Since 9/11, radiation detection has taken on a new immediacy as a means of preventing a nuclear weapon attack within the US. Gamma-ray and neutron detectors are being deployed at border crossings and ports, with the goal of enabling interdiction of a nuclear weapon or material before it enters the country.
A neutron scatter camera being developed at Sandia/California offers a new way to detect radiation. The instrument is able to count neutrons from a source of special nuclear material (SNM) and localize it — meaning it doesn’t just tell you there is radiation, but where it is emanating from and, under some circumstances, how much there is.
The results so far are encouraging, says principal investigator Nick Mascarenhas (8132). The neutron scatter camera potentially could detect SNM in quantities of interest in national and homeland security and from distances competitive with or beyond other capabilities. Nick says the goal is to reach much greater standoff detection ability.
Distance is a significant benchmark because it also means the neutron scatter camera can detect through heavy shielding, a concern at any border crossing or point of entry.
“This instrument can pinpoint a hot spot in another room through walls, something not typically possible with gamma-ray detectors,” he says. “It’s beating the older technologies, performance-wise, but we want to push the limits of what this instrument can do — to increase sensitivity and detection distance.”
Jim Lund, manager of Rad/Nuc Detection Systems Dept. 8132, thinks the neutron scatter camera might be the best answer to the problem of seeking out smuggled SNM.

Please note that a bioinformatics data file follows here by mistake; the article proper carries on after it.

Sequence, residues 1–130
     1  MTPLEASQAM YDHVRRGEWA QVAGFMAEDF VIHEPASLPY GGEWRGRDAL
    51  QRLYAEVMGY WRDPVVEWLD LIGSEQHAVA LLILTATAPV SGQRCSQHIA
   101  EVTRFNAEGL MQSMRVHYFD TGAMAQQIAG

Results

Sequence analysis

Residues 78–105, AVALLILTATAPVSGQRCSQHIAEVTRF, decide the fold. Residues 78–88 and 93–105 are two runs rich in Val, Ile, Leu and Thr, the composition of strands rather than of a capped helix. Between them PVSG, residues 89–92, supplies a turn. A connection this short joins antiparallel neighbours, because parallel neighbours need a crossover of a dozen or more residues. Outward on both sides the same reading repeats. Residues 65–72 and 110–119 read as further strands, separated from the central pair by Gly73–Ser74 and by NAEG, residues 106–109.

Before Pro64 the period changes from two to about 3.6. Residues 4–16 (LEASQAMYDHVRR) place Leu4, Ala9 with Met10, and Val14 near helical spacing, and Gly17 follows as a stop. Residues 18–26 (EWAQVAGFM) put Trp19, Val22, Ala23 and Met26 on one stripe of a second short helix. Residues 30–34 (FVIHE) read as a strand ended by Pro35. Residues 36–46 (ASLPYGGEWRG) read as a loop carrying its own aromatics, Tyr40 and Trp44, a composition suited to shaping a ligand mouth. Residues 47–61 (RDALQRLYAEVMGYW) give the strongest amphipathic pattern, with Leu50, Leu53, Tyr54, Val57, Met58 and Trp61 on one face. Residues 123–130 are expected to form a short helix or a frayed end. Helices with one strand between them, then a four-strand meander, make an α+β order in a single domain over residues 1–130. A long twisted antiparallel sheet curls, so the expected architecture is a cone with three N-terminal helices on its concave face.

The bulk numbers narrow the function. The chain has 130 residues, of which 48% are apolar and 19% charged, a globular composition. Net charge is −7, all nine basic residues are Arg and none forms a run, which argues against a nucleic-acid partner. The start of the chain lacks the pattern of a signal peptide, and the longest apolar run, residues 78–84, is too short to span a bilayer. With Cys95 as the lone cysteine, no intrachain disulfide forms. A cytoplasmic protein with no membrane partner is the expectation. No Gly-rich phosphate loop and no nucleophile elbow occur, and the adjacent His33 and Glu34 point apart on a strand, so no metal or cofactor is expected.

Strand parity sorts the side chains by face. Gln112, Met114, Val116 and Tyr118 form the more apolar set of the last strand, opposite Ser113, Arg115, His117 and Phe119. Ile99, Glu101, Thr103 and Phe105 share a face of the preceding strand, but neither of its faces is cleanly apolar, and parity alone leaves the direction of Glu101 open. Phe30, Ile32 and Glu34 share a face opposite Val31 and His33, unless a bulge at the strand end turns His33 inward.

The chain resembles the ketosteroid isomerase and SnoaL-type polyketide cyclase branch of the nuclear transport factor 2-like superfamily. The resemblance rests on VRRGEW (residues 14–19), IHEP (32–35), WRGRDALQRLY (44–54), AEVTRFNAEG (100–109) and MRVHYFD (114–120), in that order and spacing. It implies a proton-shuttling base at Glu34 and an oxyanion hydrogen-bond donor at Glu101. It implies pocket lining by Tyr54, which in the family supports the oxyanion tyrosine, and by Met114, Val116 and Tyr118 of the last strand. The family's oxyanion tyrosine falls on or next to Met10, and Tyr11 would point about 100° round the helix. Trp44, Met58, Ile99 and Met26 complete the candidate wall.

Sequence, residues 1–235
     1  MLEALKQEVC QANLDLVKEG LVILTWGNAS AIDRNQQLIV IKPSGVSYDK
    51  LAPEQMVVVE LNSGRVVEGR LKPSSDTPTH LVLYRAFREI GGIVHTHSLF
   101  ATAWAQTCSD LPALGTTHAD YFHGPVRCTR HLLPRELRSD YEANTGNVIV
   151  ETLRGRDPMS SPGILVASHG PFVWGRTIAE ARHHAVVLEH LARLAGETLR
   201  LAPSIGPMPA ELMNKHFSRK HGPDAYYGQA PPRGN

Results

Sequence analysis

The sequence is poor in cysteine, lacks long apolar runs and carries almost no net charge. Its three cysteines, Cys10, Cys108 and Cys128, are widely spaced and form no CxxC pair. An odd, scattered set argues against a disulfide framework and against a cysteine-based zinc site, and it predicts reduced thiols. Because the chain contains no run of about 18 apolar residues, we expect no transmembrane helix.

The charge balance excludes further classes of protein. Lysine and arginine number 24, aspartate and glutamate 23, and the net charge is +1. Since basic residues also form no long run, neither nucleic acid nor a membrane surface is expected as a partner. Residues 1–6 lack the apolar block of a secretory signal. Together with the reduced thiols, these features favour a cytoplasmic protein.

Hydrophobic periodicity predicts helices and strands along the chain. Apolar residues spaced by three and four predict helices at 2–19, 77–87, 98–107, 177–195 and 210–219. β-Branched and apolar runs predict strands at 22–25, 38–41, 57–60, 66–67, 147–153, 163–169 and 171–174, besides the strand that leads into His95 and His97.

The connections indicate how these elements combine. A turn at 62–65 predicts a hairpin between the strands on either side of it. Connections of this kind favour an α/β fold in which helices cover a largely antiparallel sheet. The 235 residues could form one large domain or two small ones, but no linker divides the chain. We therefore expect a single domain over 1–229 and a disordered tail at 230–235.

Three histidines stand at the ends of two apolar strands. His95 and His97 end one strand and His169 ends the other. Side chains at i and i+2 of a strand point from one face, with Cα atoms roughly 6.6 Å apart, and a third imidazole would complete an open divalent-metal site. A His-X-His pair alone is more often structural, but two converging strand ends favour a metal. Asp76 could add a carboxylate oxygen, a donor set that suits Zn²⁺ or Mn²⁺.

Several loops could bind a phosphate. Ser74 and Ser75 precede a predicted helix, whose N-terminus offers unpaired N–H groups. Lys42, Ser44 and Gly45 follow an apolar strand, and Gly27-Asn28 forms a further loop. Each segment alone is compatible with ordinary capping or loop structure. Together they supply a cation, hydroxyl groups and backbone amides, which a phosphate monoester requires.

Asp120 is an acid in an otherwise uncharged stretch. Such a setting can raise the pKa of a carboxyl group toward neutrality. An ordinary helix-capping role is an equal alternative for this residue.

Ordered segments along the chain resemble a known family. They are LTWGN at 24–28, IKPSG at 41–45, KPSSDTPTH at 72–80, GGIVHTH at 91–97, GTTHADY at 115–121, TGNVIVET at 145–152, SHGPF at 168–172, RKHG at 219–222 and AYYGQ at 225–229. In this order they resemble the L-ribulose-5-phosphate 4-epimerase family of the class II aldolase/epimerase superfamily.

“It’s more penetrating and can detect unambiguously at a greater distance and through more shielding,” he says.
The project is supported by NNSA’s Office of Nonproliferation R&D (NA-22). After successful initial development, the technology is being transitioned to both the Defense Threat Reduction Agency (DTRA) and Domestic Nuclear Detection Office (DNDO) to support specific applications.
DNDO impressed by device
Recently, representatives from DNDO sat in on a presentation by Nick to NNSA. They were so impressed that they asked him how quickly he could have it ready to ship to Hawaii as part of George Lasche’s (6418) in-transit radiation characterization project (Lab News, Aug. 17, 2007).
The neutron scatter camera will make three round-trips to Hawaii — the first departed from the Port of Oakland in early September. George says the camera has the potential to reduce false alarm rates — a critical issue for in-transit radiation detection.
“Our other instruments have told us a lot about the nature of nuclear radiation at sea, but not where it is coming from. The neutron scatter camera can tell us where the radiation is coming from and the size of the object. This information is very helpful in deciding if we have a serious threat on our hands and can lead to fewer false alarms and a better chance of not missing the real thing,” he says.
DTRA is funding a separate project to use the neutron scatter camera to measure and characterize background neutrons at Sandia/California, Sandia/New Mexico, and in Alameda, Calif.